Alex Thomson will leave Hugo Boss
At 11:00 GMT this morning, Alex Thomson (GBR) officially informed the VELUX 5 OCEANS race organisers that he will abandon ship as a result of the severe structural failure to the keel onboard HUGO BOSS. Fellow British skipper Mike Golding (ECOVER), the nearest competitor in second place, immediately responded to the request for assistance and turned back upwind to assist his compatriot and fellow competitor.
Thomson is unhurt and is currently drifting downwind 1,000 nautical miles south of Cape Town, South Africa, with reduced sail up, making 4-5 knots. Based on the last position of HUGO BOSS, some 80 miles due west of ECOVER, Golding will have to sail upwind in 30 knots of wind and big seas to rendezvous with Alex. Plans to rescue Thomson from HUGO BOSS are being formulated between skippers and race control. Mike Golding expects to reach HUGO BOSS in around 7-8 hours time.
Thomson made the difficult decision to abandon ship after liaising with his shore team to try to bring the keel under control. But sadly the breakage is irreparable and it is with great reluctance that Thomson and the team have concurred that it is not safe for him to continue in the VELUX 5 OCEANS. The skippers are in contact with race control who are monitoring the positions of the boats, and have also requested Koji Shiraishi on SPIRIT OF YUKOH make best speed towards HUGO BOSS to provide assistance and back-up.
Alex Thomson’s shore team issued the following statement:
“Alex and his shore team have found a temporary solution but it is just not reliable enough for him to risk continuing in the VELUX 5 Oceans yacht race. Alex is very tired and hugely disappointed but he is being extremely focused and pragmatic. His safety is of utmost importance and the priority now is to get Alex safely off the boat.”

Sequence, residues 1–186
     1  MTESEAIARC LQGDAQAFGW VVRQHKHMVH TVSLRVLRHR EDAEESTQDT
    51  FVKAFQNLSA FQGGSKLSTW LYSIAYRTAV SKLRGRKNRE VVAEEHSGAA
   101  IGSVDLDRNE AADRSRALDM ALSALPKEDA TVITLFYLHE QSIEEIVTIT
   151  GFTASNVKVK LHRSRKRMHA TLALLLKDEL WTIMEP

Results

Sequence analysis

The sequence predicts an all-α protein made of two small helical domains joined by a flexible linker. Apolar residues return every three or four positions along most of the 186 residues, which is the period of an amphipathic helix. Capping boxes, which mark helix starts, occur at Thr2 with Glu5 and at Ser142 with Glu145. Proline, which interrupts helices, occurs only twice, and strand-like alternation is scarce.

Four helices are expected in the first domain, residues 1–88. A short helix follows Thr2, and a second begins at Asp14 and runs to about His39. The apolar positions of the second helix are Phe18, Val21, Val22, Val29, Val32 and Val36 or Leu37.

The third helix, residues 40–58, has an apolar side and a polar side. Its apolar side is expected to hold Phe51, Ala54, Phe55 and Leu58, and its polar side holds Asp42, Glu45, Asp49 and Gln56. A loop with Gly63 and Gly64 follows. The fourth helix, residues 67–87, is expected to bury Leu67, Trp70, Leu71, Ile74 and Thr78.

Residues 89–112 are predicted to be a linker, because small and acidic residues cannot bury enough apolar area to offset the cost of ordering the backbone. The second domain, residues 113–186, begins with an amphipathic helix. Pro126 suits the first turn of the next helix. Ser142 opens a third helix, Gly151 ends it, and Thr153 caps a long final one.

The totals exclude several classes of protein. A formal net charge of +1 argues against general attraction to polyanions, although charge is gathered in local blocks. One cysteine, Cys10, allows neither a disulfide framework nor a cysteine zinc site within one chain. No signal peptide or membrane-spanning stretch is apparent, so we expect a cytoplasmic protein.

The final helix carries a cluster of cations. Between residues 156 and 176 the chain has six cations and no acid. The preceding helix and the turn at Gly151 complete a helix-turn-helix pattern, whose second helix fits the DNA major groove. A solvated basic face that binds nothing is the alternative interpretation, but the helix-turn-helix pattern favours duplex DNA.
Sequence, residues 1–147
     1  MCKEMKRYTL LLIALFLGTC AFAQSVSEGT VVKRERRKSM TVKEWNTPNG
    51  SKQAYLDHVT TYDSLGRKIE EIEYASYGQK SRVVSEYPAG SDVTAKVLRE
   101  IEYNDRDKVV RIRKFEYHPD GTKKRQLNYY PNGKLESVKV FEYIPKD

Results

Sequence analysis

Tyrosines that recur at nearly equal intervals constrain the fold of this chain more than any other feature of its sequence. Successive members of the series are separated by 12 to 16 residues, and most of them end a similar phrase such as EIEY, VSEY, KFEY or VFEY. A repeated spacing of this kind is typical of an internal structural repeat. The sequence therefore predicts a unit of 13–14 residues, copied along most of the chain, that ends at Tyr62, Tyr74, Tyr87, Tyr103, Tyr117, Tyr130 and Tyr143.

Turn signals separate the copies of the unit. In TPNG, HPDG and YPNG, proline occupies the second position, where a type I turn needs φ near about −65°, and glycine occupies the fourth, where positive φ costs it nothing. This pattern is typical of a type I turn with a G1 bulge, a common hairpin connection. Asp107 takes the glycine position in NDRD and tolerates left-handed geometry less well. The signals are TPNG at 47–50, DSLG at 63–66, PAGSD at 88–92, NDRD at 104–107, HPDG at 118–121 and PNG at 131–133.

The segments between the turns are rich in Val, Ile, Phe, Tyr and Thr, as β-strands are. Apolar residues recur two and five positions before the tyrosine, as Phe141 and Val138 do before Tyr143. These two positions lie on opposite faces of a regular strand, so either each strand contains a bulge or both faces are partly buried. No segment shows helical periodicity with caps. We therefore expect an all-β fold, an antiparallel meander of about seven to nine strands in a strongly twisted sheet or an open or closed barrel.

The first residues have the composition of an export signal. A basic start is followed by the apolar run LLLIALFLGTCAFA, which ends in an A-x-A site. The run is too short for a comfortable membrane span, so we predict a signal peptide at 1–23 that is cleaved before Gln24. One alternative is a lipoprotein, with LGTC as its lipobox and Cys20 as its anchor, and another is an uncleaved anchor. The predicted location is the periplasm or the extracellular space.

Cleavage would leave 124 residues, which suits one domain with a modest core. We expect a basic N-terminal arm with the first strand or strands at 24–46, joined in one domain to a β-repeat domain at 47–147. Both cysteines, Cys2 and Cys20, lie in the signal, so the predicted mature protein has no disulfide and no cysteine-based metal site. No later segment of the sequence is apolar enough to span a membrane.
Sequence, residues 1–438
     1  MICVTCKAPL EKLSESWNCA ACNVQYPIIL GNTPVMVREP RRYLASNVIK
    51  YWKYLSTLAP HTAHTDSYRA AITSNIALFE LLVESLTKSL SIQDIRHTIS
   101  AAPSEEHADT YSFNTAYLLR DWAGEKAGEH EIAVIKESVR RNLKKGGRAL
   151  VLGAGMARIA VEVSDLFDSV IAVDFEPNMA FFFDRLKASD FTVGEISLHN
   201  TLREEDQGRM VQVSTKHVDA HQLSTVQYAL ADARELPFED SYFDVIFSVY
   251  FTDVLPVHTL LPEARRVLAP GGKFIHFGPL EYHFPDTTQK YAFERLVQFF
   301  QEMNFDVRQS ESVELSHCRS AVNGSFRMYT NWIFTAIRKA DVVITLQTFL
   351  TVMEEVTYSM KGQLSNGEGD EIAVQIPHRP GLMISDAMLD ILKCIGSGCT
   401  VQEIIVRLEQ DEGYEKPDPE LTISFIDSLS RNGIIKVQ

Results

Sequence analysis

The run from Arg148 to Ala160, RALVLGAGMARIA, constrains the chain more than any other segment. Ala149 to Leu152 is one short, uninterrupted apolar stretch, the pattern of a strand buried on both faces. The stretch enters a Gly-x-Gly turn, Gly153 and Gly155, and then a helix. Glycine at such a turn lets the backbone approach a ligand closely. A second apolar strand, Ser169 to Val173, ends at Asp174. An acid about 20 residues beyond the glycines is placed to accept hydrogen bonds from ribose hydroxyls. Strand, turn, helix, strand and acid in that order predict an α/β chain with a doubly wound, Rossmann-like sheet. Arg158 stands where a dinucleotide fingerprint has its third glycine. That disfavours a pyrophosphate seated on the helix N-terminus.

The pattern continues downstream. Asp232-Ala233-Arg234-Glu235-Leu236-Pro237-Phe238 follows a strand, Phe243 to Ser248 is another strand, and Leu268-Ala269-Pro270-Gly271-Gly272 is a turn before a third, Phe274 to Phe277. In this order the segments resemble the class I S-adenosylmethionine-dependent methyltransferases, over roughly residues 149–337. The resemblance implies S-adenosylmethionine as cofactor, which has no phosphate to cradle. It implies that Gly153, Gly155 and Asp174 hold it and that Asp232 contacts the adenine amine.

David Adams, Race Director, commented, “The safety of all the skippers is the most important priority for us. The minute that Alex informed us that he was going to abandon ship we requested that Mike Golding turn back to assist in a rescue. We have continued to liaise with all the relevant teams, as well as the South African marine rescue coordination centre. We are in regular communication with Mike, Alex and Kojiro.”
Dubbed the ‘Ultimate Solo Challenge’, the VELUX 5 OCEANS is a 30,000 nautical mile single-handed yacht race, taking the skippers through some of the toughest and most extreme conditions on the planet. Thomson was en route from Bilbao (Spain) to Fremantle (Australia). Sailing solo around the world is truly one of the world’s toughest sporting endeavours. Since the start of the race from Bilbao, the fleet of the VELUX 5 OCEANS has been hit by hurricane force winds that forced 4 boats back to shore and now in the Southern Ocean, the skippers are experiencing some of greatest challenges in sport.